Monday, March 7, 2011
Daisy Peel in California!
I was lucky enough to be able to attend a Daisy Peel Seminar this last weekend.
LOVE, LOVE, LOVE her style of teaching. I thought she was great and really included working teams and auditors alike. She talked about the basic six cues that all dogs pretty naturally read-
Then we had some short exercises where you could isolate the cues and see how they affected what your dog understood. A handler/dog team would run a particular sequence and because it was a small sequence and as observers we could position ourselves nice and close where it was very easy to see how things like a handler continuing to give lots of forward cues but yelling at the dog to turn just did not work.
Daisy had us do something that I found very helpful-when we would walk the sequence that was coming up....we were supposed to make seven columns on our notes. In the first column we would put the obstacle number where there was a critical handling spot. Then the next six columns were each labeled with one of the handling cues -motion, shoulders, location, arms/hands, verbal, and eye contact. For each place that needed handling you were supposed to go through and say at obstacle three you were supposed to put what your motion would be doing, what your location would be, etc....across all the columns. Daisy would read the plan before the handler ran to see if they were able to follow their plan. What Daisy said about that was you should learn to plan what you were going to do at certain points and then practice it that way, maybe you will find out you were wrong about what was needed but do it that way to see. I could see over time that would lead to a better awareness of the cues and how you were using them.
Another thing I found very interesting was that Daisy said was that we should all sit down and write our own handling system. Think about what you need for the courses you run, look at other handling systems and see what meets your needs, but develop a systematic approach to handling so you do not confuse your dog and ask for conflicting things. She also pointed out that you need to accept the downsides of your handling system, say for instance if you decide to train your dog to assume every set of two jumps side by side is going to be a 180, if you have a lot of 180's in the venue you trial in that might be very handy....but know if you do see a threadle you are going to have to work REALLY hard to get that. Being aware of your handling system helps you be consistent which makes you more fun to play with.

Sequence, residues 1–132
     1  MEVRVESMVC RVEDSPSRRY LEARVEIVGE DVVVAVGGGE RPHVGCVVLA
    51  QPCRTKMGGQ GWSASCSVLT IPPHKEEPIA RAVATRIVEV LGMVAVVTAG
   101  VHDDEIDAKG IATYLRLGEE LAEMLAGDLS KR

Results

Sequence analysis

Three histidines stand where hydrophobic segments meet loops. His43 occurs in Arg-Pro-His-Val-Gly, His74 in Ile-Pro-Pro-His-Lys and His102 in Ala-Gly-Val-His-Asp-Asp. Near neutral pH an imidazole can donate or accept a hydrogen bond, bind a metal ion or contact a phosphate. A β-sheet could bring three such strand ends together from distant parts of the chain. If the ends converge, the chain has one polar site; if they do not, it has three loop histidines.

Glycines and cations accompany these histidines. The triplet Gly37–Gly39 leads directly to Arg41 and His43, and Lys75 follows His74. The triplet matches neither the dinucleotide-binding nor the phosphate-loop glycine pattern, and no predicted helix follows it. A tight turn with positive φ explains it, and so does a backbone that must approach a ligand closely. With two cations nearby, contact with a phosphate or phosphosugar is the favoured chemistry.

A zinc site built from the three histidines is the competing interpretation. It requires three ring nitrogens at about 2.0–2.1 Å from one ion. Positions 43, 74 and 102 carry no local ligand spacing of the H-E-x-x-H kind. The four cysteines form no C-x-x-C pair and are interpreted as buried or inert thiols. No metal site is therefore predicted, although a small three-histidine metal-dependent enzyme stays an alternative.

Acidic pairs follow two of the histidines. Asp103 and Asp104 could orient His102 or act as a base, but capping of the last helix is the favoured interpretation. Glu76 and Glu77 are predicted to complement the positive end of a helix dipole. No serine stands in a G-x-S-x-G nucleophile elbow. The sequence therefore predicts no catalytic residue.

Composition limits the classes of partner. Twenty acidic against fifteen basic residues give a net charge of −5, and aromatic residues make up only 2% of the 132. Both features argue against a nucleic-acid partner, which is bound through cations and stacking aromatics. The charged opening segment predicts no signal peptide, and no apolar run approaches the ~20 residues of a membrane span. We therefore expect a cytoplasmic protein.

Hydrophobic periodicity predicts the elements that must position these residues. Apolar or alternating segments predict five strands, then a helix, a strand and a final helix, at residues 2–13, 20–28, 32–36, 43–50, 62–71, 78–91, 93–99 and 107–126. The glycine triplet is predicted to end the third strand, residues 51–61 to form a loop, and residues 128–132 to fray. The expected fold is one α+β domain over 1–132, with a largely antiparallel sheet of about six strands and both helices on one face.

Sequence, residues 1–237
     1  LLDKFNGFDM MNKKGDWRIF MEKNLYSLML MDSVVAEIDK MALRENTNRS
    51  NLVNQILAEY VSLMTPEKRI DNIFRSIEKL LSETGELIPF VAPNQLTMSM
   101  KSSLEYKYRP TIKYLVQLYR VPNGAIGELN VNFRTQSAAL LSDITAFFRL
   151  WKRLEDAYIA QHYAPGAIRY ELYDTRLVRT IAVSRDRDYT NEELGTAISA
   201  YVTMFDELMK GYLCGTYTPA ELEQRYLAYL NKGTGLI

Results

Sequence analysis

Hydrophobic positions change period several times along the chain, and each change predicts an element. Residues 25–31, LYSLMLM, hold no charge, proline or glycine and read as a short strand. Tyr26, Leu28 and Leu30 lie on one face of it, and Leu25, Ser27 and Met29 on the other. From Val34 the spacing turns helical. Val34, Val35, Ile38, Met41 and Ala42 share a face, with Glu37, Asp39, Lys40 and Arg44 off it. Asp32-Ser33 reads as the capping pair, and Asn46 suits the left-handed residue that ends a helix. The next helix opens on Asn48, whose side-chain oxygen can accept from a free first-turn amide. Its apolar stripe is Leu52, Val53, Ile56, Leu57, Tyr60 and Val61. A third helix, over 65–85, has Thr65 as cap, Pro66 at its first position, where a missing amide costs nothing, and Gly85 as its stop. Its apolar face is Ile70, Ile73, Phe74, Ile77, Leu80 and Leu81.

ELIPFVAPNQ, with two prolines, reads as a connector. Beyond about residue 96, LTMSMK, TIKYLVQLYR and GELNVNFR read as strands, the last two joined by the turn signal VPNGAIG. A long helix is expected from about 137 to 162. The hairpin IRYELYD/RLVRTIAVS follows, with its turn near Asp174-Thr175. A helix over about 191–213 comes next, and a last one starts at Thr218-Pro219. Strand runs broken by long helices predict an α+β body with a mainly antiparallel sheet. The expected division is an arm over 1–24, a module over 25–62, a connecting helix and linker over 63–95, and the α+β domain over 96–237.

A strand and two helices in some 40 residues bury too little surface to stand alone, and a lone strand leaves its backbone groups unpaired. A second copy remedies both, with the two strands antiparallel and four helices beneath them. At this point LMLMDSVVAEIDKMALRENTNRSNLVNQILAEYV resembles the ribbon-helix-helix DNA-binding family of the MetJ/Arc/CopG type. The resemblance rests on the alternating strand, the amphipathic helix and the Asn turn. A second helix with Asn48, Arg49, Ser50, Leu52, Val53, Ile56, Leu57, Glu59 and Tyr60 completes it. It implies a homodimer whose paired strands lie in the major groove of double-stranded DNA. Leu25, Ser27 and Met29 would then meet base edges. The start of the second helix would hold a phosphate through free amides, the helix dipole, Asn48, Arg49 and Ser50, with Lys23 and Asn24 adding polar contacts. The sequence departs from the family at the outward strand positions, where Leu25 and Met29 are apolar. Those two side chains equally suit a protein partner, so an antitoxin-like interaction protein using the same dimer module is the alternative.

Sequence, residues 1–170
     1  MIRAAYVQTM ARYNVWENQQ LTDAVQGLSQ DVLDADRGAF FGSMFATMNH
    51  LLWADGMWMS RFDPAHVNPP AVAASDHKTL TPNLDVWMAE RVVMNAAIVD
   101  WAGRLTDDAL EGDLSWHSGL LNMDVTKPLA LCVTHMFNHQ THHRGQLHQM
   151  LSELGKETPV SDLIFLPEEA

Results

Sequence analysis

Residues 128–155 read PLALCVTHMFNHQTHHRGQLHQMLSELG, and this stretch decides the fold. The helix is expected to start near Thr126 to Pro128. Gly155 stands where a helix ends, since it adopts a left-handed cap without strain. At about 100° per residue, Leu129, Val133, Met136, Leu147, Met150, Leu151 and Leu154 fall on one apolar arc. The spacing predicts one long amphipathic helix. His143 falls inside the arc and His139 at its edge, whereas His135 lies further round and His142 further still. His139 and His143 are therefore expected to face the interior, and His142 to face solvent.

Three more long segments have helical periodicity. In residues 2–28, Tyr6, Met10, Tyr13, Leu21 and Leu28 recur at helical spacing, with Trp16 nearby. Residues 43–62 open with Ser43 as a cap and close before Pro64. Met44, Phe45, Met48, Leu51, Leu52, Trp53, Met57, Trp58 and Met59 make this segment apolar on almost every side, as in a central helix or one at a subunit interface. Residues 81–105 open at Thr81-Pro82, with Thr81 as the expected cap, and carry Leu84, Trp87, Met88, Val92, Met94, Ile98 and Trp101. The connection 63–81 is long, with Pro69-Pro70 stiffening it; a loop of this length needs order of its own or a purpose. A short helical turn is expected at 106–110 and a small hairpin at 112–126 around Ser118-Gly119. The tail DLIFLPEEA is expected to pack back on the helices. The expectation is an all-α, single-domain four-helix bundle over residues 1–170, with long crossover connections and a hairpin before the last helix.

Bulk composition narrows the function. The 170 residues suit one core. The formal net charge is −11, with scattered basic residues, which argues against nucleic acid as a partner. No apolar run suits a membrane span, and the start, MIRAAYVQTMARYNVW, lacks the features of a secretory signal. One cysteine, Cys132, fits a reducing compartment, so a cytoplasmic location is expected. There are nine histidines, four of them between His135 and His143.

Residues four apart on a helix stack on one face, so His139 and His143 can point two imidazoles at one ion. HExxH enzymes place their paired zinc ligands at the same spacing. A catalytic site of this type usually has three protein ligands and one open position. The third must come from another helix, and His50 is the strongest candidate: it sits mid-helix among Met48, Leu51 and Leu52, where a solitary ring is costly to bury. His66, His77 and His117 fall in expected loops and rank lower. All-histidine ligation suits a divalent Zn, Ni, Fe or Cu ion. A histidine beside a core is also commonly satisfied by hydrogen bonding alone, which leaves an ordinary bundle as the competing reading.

We ended up running a short sequence where she would keep asking everyone to think of other ways to run it. Being able to run sequences in a lot of different ways lets you practice and have a lot more skills to pull from.
One of the most profound things Daisy said right before we left that running agility is like driving a car...when you watch someone driving a car it looks like their hands never move and looks very smooth, but when you actually drive you are constantly moving your wheel and adjusting, correcting and making slight movements. She said all agility is like that too, it will always feel sloppy and like you are just hanging on. She said if you are doing it right you should never be just standing around and waiting, hummm. I found that thought very reassuring.
I found the seminar very useful with a lot of ideas about how I can practice more effectively, so that was GREAT! I really liked that the skills she talked about were presented in a way that I do think I could plug that understanding into a lot of more difficult courses, which was refreshing. I would DEFINITELY attend another Daisy Peel seminar in the future!